If, when you say the words ‘keys’ and ‘kiss’, they sound the same, then there is a pronunciation mistake.
It is another very common pronunciation mistake of Spanish speakers, due to the absence of the sound ‘z’ in the Spanish language.
Basically, you can train the pronuciation of this sound, trying to immitate a mosquito sound. It has the same tongue-to-teeth position as when you pronounce ‘s’. Only that you have to add some voice. Try it now;)
Now, there are some rules that will help you to distinguish the situations when to pronounce ‘s’ and when ‘z’.
Here is the rule to help you:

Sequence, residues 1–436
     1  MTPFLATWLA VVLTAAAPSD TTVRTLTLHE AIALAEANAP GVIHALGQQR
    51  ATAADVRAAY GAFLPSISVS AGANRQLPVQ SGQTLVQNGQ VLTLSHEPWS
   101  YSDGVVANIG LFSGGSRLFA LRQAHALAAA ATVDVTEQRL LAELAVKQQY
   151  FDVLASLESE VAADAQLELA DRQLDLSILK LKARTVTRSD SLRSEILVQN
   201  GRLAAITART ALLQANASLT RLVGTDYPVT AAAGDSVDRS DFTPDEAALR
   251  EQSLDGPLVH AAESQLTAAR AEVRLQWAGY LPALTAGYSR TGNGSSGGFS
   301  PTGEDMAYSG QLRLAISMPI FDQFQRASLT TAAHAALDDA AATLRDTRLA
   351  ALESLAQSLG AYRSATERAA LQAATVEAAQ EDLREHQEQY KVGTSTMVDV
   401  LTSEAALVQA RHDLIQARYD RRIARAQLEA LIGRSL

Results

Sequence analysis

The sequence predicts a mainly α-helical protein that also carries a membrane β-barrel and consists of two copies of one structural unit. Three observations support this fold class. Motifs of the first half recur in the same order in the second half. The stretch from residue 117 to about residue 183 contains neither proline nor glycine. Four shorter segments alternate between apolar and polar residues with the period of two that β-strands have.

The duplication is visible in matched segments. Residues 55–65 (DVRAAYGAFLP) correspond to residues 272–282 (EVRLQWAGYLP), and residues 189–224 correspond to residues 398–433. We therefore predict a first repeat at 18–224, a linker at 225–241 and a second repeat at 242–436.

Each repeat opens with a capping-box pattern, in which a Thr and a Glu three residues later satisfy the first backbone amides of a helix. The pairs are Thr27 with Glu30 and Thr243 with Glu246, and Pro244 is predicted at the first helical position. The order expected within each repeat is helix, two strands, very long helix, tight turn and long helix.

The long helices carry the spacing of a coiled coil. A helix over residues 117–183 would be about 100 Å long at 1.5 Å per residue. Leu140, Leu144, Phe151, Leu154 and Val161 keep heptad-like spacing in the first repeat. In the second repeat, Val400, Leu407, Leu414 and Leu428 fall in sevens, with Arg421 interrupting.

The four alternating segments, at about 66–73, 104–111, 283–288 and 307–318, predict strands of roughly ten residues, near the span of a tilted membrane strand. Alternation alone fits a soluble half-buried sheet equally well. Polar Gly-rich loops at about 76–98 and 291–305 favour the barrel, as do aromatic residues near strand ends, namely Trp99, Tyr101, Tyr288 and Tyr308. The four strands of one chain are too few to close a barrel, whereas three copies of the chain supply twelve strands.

When the letter ‘s’ is after an unvoiced or quiet consonant, it is
pronounced as a /s/. e.g., hats, tops, works, laughs, what’s, moths.
When the letter ‘s’ is after a vowel, another ‘s’, or a voiced consonant,
it is pronounced as a /z/ sound.
e.g., logs, tubes, beds, moves, clothes, was, becomes, he’s, passes.
Pronounce the ‘es’ as /əz/after the consonants /s /z/ ‘ch’ ‘sh’ ‘j’ ‘zh’ ( as in
vision)- (in ‘es’ /əz/, the schwa sound /ə/ is said like a very short ‘u’ sound)
e.g., passes, beaches, washes, packages, noses.
The other thing to remember is to pay attention when listening to native English speakers and the audio trainer in my program, and remember how they use it.
It’s time to practise!